Stephen & Martha Holder Take Students Undercover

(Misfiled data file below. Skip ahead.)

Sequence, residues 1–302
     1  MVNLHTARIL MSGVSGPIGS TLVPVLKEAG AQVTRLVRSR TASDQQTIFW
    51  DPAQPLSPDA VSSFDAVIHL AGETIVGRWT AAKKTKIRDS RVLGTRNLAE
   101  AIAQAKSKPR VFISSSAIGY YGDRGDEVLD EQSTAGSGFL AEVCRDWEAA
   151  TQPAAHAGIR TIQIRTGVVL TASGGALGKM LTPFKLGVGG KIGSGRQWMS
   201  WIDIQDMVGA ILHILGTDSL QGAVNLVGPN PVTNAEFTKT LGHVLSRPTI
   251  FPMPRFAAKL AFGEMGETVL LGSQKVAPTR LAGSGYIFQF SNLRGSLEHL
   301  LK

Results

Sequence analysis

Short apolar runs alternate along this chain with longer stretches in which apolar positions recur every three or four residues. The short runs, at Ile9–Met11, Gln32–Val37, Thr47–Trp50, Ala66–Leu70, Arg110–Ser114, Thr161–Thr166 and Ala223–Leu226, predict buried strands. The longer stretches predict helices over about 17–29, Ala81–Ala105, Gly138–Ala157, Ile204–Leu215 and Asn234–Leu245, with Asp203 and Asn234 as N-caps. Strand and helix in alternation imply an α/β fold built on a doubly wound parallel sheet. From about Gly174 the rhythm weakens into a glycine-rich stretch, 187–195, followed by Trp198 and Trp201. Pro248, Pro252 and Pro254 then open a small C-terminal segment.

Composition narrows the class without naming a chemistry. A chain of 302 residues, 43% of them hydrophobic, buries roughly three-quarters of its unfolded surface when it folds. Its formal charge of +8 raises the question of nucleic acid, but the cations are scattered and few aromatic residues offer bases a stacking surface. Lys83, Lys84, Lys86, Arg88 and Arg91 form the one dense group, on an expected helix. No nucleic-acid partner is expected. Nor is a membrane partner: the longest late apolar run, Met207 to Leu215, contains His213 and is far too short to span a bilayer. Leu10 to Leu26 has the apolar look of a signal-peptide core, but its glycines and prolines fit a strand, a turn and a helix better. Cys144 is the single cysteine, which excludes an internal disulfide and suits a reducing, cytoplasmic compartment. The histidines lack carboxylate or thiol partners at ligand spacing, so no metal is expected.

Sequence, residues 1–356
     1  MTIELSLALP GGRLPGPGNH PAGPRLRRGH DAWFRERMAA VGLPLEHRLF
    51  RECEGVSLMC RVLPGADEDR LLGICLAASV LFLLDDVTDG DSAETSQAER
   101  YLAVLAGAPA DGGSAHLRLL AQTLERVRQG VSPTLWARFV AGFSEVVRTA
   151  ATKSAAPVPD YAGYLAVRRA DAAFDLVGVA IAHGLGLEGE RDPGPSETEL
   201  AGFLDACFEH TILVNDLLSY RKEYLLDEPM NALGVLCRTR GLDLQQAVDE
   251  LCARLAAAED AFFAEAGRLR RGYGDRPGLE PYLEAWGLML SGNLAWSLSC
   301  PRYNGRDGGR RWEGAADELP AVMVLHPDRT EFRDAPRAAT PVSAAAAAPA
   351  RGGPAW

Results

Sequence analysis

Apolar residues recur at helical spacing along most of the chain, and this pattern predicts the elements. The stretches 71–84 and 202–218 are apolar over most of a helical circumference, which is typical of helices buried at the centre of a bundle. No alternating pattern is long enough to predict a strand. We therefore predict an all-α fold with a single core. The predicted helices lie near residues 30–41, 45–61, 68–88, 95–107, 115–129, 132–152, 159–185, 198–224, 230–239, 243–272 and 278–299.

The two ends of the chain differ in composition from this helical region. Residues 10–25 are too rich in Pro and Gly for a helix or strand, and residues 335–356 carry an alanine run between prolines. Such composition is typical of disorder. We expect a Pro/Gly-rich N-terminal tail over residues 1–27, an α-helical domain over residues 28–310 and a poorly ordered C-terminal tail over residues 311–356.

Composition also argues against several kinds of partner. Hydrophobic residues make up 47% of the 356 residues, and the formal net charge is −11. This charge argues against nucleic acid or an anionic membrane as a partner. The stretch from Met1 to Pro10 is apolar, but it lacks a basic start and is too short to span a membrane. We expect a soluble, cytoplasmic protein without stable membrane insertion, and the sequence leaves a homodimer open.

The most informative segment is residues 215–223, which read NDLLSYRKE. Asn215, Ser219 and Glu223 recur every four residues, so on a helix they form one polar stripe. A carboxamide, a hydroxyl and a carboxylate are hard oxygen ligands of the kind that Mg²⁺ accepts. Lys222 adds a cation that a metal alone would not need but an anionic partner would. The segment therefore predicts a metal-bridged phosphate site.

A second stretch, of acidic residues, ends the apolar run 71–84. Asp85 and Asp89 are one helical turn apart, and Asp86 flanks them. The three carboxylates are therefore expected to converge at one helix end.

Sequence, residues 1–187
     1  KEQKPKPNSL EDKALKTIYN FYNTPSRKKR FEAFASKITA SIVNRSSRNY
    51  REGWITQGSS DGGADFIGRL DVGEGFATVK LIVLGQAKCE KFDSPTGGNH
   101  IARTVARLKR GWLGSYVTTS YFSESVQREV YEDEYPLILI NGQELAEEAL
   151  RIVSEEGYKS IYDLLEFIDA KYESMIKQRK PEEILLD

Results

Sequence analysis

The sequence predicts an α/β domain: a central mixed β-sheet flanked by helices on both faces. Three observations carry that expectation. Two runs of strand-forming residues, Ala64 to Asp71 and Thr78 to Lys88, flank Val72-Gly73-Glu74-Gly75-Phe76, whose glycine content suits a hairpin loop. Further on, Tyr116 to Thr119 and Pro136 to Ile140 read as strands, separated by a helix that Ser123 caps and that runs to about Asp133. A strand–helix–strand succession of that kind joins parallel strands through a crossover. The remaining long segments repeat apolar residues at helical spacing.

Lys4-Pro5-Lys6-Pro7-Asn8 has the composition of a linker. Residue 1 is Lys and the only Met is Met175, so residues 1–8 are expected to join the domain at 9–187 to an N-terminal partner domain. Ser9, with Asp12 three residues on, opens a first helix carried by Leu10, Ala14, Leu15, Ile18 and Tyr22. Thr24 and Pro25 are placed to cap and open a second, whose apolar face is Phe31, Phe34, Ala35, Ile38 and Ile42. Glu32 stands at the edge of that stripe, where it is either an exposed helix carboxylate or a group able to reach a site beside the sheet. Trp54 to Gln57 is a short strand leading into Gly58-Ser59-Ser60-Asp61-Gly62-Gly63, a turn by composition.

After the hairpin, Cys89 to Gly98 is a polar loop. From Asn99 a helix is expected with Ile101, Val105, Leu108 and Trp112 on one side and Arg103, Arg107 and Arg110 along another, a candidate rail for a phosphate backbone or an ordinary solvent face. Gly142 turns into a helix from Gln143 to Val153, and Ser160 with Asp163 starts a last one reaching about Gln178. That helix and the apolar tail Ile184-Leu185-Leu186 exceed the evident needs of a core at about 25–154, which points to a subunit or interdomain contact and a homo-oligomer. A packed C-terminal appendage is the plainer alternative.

CIA agent Stephen Holder and his wife Martha Holder impressed students with their high-intensity careers last Friday as they spoke at an event sponsored by the Phillips Academy International Relations Symposium. Mr. Holder, a former case officer and the director of operations in China, Taiwan, Malaysia, Italy, and the Ukraine for the CIA, started by talking about what led him to be a CIA officer. “During the start of the Vietnam War, I drew a 26, which meant I was going straight to Saigon if I did not go into training. I went to my local drafting office, and asked the officer which languages I could study. I ended up going to Monterey California for 57 weeks to learn Chinese,” he said. Explaining how he became fluent in Chinese, Ukrainian, Malay, Italian, French, and Spanish, Mr. Holder went on to list the colleges where he studied, including Indiana University, Hanover College, Middlebury College, Stanford University, and Taiwan National University. Mr. Holder encouraged students to take their foreign language classes seriously as proficiency in foreign languages can open job opportunities. He said, “I sent the CIA a letter saying that I wanted to work for them, and that I could speak Chinese. They did a background check on me, and hired me right away. Being able to speak another language and to pick up languages relatively quickly was a real help for me.” Mr. Holder went on to describe the lifestyle of a CIA agent and how one becomes someone else when undercover. “At the time I didn’t know what I was getting into. For twenty seven years I told everybody I met, including one of my brothers, that I worked for the State Department,” he said. “When I took on an alias, I had to become that person and do what they would do in a [particular] situation. I needed to think like them, and know everything important about them, like their birthday and history of where they lived and what they did,” he added. Mr. Holder warned of the great danger that accompanied his job and shared experiences in “denied areas” where CIA agents and their work are “less welcomed.” These areas, currently including China, North Korea, parts of Russia, Cuba, Ukraine, India, and Cairo, and Iran, are some of the hardest places for CIA to work and recruit assets. “In denied areas I really had to be aware of the environment around me. In Moscow I would have three men following me at all times, and in India the security is probably the worst,” he said. Ms. Holder, who worked as an international water management expert for the United Nations Development Program, began by stating how she became so involved in water resources. She said, “At Johns Hopkins I studied hydrology, and we would raft down the Grand Canyon. We had historical photographs that we compared to the canyon then to see how the canyon had already begun to change over time, and took note of erosion and water changes.” Ms. Holder then described how she got a job at an international development agency. “One night at a cocktail party I was talking with a man who worked for a major international developing company and he found out that I spoke Ukrainian,” she said. “His company needed someone who could speak the language, and I had been educated in the field, so they hired me right away,” she continued. Ms. Holder explained that the intent of World Bank, the company for which she currently works, is to free the world from poverty. She also emphasized that environmentalists are needed to help people of impoverished countries to use resources prudently. She said, “In a project like the Black Sea project, I helped the countries around the water source, in this case the six countries around the Black Sea, conserve their resources and manage the effects of pollution.” Currently working and specializing in African water resource management, Ms. Holder spoke of the effects of the Niger River on the nine countries boarding it. The World Bank helps the impoverished countries understand and change the effects of pollution and water use.